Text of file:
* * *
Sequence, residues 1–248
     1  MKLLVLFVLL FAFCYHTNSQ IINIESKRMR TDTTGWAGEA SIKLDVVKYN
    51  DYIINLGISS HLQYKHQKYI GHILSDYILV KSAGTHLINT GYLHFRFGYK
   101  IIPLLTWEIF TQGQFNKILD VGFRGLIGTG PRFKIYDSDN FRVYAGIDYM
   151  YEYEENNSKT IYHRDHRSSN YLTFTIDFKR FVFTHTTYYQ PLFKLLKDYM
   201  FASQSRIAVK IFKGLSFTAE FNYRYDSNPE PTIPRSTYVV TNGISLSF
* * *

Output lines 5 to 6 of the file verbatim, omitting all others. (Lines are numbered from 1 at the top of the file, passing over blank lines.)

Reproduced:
   151  YEYEENNSKT IYHRDHRSSN YLTFTIDFKR FVFTHTTYYQ PLFKLLKDYM
   201  FASQSRIAVK IFKGLSFTAE FNYRYDSNPE PTIPRSTYVV TNGISLSF